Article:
Cornering: While the Trance is more aggressive than ever, Giant knew that they had to maintain some quick-handling characteristics as well. The smaller wheels allowed Giant to push the geometry further than they had with the 29-inch version while still maintaining the ability to dive into tight corners; however, the long and stable geometry of the Trance 27.5 really comes to life when the speeds increase. The slack front end allowed us to maintain a balanced position with enough weight over the front wheel, even on steeper terrain, that we didn’t feel as if we had to hang off the back of the bike. We were constantly impressed with how stable the relatively lightweight Trance was through high-speed, sweeping corners.
Descending: The Trance’s new geometry shines brightest when it’s pointed downhill in a hurry, striking a careful balance between point-and-shoot capability and lively precision. The 27.5-inch wheels certainly won’t be mistaken for 29-inchers through rough sections, but the mid-sized wheels provide a more lively ride, capable of flicking around the trail to find the best line in a hurry.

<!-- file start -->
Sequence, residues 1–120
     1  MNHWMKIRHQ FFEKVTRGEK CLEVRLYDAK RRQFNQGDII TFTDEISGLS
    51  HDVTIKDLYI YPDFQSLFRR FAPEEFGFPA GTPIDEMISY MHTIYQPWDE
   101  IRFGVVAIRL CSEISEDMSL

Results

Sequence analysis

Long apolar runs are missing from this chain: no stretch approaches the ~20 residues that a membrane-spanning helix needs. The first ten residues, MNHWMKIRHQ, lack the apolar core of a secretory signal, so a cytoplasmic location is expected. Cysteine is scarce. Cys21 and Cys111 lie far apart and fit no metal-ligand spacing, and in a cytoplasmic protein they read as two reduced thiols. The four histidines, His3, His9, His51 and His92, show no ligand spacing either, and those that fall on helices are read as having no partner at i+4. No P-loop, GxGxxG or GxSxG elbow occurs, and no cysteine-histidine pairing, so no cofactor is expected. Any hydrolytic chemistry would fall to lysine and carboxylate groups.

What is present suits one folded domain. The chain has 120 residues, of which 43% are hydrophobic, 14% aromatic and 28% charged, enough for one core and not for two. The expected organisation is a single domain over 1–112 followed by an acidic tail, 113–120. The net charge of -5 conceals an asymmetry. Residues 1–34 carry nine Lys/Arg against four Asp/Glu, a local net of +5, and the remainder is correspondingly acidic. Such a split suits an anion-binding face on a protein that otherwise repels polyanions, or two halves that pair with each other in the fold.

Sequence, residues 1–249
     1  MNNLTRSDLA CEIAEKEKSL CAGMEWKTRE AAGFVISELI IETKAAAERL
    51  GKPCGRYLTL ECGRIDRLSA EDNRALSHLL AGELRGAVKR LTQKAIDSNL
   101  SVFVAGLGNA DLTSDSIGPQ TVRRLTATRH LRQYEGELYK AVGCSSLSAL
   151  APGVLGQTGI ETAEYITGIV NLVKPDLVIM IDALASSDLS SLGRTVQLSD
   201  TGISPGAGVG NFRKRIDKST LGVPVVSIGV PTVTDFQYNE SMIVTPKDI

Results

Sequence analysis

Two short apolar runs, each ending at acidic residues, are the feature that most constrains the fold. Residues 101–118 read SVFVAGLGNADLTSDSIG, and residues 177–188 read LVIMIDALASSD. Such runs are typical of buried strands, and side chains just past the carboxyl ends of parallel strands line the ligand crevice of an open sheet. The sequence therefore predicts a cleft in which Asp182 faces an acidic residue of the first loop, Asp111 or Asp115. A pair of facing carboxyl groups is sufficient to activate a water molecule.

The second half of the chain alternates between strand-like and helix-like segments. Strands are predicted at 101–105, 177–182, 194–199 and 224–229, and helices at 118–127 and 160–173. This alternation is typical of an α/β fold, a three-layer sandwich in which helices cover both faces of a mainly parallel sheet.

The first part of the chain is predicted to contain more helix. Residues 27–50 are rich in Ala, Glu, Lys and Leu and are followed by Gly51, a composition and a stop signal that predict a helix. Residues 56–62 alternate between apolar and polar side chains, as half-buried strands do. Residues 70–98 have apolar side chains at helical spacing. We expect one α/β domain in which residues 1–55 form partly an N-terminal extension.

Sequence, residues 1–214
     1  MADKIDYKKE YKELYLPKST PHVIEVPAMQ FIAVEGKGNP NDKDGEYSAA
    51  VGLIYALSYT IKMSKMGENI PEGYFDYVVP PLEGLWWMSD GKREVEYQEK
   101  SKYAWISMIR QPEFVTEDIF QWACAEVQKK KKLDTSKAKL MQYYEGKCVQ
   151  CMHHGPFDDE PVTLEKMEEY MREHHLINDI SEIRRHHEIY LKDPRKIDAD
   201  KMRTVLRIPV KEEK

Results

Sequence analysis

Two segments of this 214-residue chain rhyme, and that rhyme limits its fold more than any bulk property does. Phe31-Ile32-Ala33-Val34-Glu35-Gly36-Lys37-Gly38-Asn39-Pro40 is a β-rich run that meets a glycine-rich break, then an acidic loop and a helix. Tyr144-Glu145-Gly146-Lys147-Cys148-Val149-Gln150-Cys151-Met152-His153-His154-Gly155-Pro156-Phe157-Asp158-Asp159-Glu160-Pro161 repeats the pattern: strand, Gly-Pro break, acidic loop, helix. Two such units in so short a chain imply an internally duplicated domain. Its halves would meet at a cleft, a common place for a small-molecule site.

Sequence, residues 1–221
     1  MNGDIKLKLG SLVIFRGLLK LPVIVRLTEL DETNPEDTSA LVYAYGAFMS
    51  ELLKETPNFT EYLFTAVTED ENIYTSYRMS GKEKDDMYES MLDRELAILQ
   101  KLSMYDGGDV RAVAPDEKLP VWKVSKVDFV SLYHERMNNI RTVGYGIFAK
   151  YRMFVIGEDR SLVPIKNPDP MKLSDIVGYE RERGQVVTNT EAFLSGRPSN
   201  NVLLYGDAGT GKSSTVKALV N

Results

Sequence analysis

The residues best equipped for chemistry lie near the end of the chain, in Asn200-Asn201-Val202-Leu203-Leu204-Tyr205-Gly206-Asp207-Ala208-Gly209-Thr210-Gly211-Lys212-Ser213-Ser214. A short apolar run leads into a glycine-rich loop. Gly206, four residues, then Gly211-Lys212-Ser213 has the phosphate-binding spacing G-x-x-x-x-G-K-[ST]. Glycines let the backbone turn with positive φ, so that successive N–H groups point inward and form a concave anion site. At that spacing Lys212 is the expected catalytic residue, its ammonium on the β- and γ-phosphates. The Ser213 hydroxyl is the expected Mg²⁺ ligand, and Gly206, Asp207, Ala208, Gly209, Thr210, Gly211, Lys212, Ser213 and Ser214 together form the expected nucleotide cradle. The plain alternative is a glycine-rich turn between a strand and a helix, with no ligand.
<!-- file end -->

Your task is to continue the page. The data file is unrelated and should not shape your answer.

The Maestro suspension with the RockShox Monarch shock isn’t overly plush, but makes good use of its 5.5 inches. The rear suspension offers a supportive feel with a solid ramp at the end of the stroke for popping off the trail at a moment’s notice, which further enhanced the liveliness of the ride.
Braking: Avid’s brakes can be hit or miss depending on the bleed job, but we love the feel of a properly working set. Our Avid X0 Trail brakes were performing as intended with plenty of power and very controllable modulation.
TRICKS, UPGRADES OR TIPS?
Enduro racers looking to push the Trance 27.5 to its limits should consider the Trance SX 27.5, with its 34-millimeter, 6.2-inch travel fork. Otherwise, the new, 6-inch RockShox Pike would be a solid choice for the Trance rider looking for something a bit more capable up front.
Additionally, we found the stock Schwalbe Nobby Nic tires to be a bit flimsy in the sidewall department. Even with proper pressure in the tires, they started to fold when we were cornering our hardest, which was a bit unnerving.
So, does the Trance 27.5 make last year’s 29-inch Trance obsolete? We don’t think so. While the 27.5 is certainly an impressive bike, each bike is different enough to cater to separate riders. Without the less-aggressive Trance X 29 in the lineup, the jump from the cross-country-ready Anthem to the Trance 27.5 would seem too drastic.
The geometry is spot-on, and the fit and finish of the bike’s overall package are on a level that we’ve never seen from Giant. Most important, the Trance continues to deliver what it has always strived for: a versatile ride that can mix it up on nearly any terrain.